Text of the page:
Fathers need to be recognized, as mothers do!

by Elpidio R. Estioko

One of the Ten Commandments in the Hebrew Bible says: “Honor thy father and thy mother.” The commandment is generally regarded in Protestant and Jewish sources as the fifth in both the list in Exodus 20:1-21, and in Deuteronomy (Dvarim) in 5:1-23 as Catholics count this as the fourth.

Last month, we honored our mothers for doing such a wonderful job in raising their children. As May is for Mother’s Day, the month of June is for Father’s Day. Fathers deserve to be recognized, just like all the mothers!

It is difficult to raise our children… but it is even more difficult if a father single-handedly raised them. I tell you, it’s really a tough job! I have six children with my wife Delia and we really struggled to raise them.

I can’t just imagine my parents raising us 13 children (10 boys, 3 girls; I’m the 11th in the family) at that time! How much more if a father single-handedly raises them all?

Just like Mother’s Day, Father’s Day has a history that goes well beyond greeting cards and in-person salutations.

Records show that the first-known Father’s Day service happened on July 5, 1908. A mother, Grace Golden Clayton, asked pastor Dr. R. Thomas Webb at the William Memorial Methodist Episcopal Church in Fairmont, West Virginia, if a Sunday service could be held to honor fathers.

It took a woman to initiate the event, a gesture she did to remember her father who single-handedly raised them to maturity, but she extended the service-request to fathers in general.

Her father died, together with over 200 fathers, in the Monongah mining explosion, a few miles south of Fairmont, on December 6, 1907. The explosion occurred in Fairmont Coal Company’s No. 6 and No. 8 mines. It killed more than 360 men and boys and left about 1,000 children fatherless.

Mrs. Clayton thought of having a service to remember not only his father, but to all fathers who raised their children and were victims of the incident.

The Fairmont service did not turn into an annual event but a few years later, it gained momentum. In fact, it paved the way to becoming a US holiday.

Mrs. Sonora Smart Dodd was credited for being the one who popularized Father’s Day. Again, it took another woman to popularize it until such time that it became a national holiday.

Mrs. Dodd thought, after listening to a sermon on Mother’s Day in 1909, it might be nice to honor Father’s Day as well. When her mom died, her father William Smart raised his six children alone in his farm in Washington. She proposed to the Spokane Ministerial Association and the YMCA that they celebrate Father’s Day. She chose June 5 because it was her father’s birthday.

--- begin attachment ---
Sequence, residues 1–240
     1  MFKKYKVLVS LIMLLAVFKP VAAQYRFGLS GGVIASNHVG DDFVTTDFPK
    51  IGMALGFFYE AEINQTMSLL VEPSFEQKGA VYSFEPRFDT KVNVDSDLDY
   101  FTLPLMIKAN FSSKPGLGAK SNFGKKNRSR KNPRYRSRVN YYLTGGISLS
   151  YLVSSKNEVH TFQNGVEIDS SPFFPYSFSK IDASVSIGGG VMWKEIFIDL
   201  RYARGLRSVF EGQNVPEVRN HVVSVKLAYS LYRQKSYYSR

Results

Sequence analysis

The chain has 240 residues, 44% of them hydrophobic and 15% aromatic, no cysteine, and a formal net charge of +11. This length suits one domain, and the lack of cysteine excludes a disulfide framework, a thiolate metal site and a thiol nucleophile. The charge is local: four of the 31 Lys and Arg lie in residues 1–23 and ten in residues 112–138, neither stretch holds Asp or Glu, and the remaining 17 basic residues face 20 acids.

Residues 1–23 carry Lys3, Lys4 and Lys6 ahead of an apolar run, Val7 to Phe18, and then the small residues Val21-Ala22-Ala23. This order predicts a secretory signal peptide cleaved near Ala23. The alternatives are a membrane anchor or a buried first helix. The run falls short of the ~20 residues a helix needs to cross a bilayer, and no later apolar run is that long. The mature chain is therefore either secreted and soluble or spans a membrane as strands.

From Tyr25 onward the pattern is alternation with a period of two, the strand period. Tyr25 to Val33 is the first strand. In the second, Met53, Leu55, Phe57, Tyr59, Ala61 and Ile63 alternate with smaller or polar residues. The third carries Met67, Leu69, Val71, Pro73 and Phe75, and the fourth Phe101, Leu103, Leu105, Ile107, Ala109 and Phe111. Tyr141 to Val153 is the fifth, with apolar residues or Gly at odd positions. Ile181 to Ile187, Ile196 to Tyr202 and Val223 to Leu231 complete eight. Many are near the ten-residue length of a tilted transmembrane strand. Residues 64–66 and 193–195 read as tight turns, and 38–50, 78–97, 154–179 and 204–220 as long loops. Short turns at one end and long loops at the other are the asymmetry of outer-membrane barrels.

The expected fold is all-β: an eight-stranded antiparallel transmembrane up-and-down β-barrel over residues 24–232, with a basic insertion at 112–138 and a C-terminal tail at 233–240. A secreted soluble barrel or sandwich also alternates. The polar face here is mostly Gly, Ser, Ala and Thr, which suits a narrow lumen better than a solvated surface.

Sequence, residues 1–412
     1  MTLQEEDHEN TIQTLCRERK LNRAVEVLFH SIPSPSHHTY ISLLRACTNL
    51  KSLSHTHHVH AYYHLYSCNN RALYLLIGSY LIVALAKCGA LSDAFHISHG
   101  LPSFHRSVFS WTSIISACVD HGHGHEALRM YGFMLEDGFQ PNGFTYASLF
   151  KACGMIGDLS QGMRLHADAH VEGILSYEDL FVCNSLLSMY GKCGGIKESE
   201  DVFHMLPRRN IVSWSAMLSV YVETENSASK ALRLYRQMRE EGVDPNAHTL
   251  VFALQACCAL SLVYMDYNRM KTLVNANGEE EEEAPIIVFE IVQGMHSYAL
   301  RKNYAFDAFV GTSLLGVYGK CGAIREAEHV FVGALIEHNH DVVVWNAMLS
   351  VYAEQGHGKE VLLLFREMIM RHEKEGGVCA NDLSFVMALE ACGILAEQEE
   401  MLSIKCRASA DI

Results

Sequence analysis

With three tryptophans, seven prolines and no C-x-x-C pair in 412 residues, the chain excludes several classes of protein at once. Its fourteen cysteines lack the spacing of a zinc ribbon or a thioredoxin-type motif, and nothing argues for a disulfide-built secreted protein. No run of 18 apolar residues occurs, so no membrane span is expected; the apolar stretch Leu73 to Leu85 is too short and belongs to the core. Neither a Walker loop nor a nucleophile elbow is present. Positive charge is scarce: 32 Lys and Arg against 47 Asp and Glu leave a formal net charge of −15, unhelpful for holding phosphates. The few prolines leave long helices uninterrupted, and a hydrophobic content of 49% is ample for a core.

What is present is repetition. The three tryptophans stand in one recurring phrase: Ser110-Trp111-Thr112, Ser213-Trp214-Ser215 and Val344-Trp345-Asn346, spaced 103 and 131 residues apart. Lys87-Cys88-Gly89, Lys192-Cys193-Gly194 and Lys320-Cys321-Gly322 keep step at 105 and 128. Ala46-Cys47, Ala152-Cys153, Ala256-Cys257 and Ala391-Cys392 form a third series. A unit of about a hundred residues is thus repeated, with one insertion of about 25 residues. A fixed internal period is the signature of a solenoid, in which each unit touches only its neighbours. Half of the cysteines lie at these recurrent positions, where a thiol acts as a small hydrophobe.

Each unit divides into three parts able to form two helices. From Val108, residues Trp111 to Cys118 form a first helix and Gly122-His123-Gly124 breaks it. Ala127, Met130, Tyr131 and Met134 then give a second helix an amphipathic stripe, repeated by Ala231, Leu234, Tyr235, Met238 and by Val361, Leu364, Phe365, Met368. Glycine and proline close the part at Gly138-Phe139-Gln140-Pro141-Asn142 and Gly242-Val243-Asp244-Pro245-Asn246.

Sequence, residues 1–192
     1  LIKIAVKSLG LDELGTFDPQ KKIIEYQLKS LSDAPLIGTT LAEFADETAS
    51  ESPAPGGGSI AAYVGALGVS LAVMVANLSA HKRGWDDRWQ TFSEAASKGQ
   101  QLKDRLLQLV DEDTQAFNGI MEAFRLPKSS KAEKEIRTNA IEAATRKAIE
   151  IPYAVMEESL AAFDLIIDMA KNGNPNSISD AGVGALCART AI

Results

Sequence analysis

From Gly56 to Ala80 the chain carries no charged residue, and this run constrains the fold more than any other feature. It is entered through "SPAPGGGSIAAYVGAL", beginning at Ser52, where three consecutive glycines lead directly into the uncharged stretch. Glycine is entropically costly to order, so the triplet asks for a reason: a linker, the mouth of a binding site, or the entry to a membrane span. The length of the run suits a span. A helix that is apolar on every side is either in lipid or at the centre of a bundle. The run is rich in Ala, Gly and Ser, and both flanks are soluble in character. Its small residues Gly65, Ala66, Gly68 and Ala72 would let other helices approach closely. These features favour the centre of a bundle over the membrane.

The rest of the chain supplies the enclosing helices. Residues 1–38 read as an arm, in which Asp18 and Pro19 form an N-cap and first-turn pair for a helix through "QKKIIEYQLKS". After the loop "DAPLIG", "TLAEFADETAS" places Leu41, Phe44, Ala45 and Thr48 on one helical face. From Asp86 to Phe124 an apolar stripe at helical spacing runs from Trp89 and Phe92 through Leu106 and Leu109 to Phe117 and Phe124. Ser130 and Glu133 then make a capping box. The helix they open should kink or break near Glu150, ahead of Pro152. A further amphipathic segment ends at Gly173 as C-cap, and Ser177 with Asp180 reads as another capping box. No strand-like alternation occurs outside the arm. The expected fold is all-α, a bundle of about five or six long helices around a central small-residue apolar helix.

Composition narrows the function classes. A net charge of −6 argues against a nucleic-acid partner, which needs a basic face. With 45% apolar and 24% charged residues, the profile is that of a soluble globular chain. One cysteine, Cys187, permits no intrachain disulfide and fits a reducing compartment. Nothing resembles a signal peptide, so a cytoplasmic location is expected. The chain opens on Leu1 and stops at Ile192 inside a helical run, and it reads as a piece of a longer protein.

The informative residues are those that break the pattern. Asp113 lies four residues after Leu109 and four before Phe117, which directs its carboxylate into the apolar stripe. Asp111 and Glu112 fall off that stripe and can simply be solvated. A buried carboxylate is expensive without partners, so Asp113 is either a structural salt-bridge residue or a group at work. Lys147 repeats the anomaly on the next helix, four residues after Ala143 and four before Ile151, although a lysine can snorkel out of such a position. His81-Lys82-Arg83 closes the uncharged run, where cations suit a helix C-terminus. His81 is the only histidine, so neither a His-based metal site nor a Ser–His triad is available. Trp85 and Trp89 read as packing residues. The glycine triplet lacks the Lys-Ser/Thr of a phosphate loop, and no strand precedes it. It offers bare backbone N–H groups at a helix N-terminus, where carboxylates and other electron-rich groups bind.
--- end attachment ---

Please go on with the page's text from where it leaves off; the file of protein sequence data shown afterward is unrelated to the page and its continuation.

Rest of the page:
The ministers of Spokane approved it, after many of the members of her congregation supported the idea strongly but asked that the day be changed to a later date to give them more time to prepare. So, the first Father’s Day in Spokane, Washington was observed on Sunday, June 19, 1910. Since then, it became an annual celebration in Spokane and nearby towns had their own celebrations as well on that day.

Despite widespread support, however, Father’s Day did not become a permanent national holiday. In 1913, Congress introduced a bill, but despite encouragement and support by President Woodrow Wilson, it did not pass legislation. Luckily, in 1966, President Lyndon Johnson issued a proclamation designating the third Sunday in June to honor fathers.

In 1972, President Richard Nixon signed a law declaring that Father’s Day be celebrated annually on the third Sunday in June. It has been an official, permanent national holiday ever since.

I won’t forget one Father’s Day celebration in my own family with all my children present.

In June 2018, my children tendered a Father’s Day sumptuous dinner for me at Fortune Restaurant in Milpitas. It was a day of fun and full of bonding reminiscing our memories as a family through the years. That was the first time in 10 years, that we were complete as a family. Due to physical distance, my children being in faraway places with their own families, we didn’t have a chance to celebrate it together annually.

My eldest Edel “Gigi” Estioko Malapitan came home from Sydney, Australia where she resides with her husband Eric, who was not able to join us due to prior work commitment in the hospital.

My second to the eldest John Edward “Jojo” from Jacksonville, Florida was joined by his wife Alvi and children Reanna Kayla and Jeanna Camille.

Mary Rose and her boyfriend Steve Law were with us too!

At that time, newlywed Rose Anne Joy “Tweety” was with her husband Jonathan Carino Rasay, who is in the US Army assigned in Oahu, Hawaii.

The rest of the children include Charles Jayson and Paul Joseph. All of them chipped in to pay the bills (a siblings’ way of sharing) as a sign of their love for me. Of course, my wife Delia was with us to complete the family celebrating Father’s Day.

To all the fathers in the world, I honor you and recognize your efforts in raising your children and the sacrifices you went through. Happy Fathers’ Day to all of you. You deserve the best accolade!

To all would-be fathers, you will be going through the process of raising your future children too, a practice all of us fathers went through. Love your children and raise them to be worthy members of the family and to the community!

Just like our mothers, let’s recognize our fathers too!
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ELPIDIO R. ESTIOKO was a veteran journalist in the Philippines and a multi-awarded journalist here in the US. For feedbacks, comments… please email the author at estiokoelpidio@gmail.com.



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